MANILA, Philippines – The Philippines, the world’s third largest exporter of bananas, lost a quarter of its crop in Typhoon Pablo (Bopha), an industry group said Thursday, December 6, adding that the typhoon has also likely spread a destructive pest.
The Philippine Banana Growers and Exporters Association said the deadly storm, which has so far killed 475 people, would also cost the industry $318 million.
Executive director Stephen Antig said Bopha destroyed 10,000 hectares (24,700 acres) of the country’s 42,000 hectares of banana farms.
The hurricane-force winds and flash floods flattened wide swathes of the hillsides of Davao Oriental and Compostela Valley provinces, the centre of the industry, he added.
And apart from the visible damage, Antig said there were fears that the floods might have spread Panama Disease, which prevents the plant from bearing any fruit before eventually killing it.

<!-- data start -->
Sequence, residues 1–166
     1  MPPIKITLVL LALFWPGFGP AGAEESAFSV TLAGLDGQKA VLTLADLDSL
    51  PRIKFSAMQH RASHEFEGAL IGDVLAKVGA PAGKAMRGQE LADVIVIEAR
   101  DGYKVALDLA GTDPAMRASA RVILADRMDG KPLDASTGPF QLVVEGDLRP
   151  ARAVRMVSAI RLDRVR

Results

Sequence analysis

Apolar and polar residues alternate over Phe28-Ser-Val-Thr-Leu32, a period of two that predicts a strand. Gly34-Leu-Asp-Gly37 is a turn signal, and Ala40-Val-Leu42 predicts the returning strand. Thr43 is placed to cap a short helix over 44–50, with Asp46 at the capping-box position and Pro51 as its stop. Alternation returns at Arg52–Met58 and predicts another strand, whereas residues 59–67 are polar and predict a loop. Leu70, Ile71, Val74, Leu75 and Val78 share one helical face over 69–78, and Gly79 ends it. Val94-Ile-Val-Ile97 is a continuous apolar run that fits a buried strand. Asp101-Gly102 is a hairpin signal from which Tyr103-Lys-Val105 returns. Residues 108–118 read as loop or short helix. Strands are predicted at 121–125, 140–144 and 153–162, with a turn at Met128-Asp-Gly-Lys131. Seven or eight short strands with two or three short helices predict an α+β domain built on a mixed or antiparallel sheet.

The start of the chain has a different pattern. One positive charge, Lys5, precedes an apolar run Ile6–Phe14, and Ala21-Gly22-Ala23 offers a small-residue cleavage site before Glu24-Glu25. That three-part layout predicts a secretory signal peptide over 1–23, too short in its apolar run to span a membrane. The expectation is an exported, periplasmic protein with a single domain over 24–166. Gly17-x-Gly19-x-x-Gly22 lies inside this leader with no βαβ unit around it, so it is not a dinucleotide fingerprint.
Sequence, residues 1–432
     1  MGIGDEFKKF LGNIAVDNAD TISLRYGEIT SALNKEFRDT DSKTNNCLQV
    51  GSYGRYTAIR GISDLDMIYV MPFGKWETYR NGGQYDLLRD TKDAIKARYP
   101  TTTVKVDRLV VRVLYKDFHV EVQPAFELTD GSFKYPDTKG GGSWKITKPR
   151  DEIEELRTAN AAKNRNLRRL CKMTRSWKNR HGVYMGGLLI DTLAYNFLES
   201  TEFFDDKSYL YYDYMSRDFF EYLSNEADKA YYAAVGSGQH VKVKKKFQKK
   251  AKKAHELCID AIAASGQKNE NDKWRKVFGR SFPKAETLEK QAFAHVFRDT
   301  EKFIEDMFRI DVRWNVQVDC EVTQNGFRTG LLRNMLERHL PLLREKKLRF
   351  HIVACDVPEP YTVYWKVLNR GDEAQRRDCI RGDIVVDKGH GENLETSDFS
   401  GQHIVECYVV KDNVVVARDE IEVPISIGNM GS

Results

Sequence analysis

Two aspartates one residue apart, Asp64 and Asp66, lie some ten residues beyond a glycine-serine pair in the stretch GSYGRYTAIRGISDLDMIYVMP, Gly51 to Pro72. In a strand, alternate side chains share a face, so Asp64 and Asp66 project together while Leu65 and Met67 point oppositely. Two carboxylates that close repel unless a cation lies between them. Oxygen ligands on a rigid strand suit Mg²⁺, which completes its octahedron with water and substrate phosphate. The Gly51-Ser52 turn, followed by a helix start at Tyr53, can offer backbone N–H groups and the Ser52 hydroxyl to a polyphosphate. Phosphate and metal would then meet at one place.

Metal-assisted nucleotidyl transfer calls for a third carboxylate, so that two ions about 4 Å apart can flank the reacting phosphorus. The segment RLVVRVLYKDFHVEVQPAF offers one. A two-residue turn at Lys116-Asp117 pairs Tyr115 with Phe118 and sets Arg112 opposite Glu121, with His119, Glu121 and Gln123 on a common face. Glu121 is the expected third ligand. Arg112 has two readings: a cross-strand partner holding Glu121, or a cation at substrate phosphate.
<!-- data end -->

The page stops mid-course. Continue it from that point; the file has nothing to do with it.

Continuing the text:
The bug then renders the affected areas unsuitable for replanting.
About 150,000 people depend on the banana industry in Compostela Valley alone.
The Philippines likely lost P8 billion ($196 million) in ruined harvests and damaged facilities in the storm, Antig said, while rehabilitating farms would take several months and likely cost another P5 billion.
It would then take 9 months after the replanting to reap the next harvest.
The state census office said the Philippines shipped $471 million worth of the fruit last year — accounting for one percent of total exports.
Bopha is the latest blow to the Philippines’ banana industry, which was embroiled in a row this year with major market China over alleged pests on shipments that left tonnes of the fruit to rot at Chinese ports.
The two governments later held talks to resolve the issue.
Antig said the industry was also hit by the international foreign exchange embargo on Iran, and an attack of Panama Disease on some plantations. – Agence France-Presse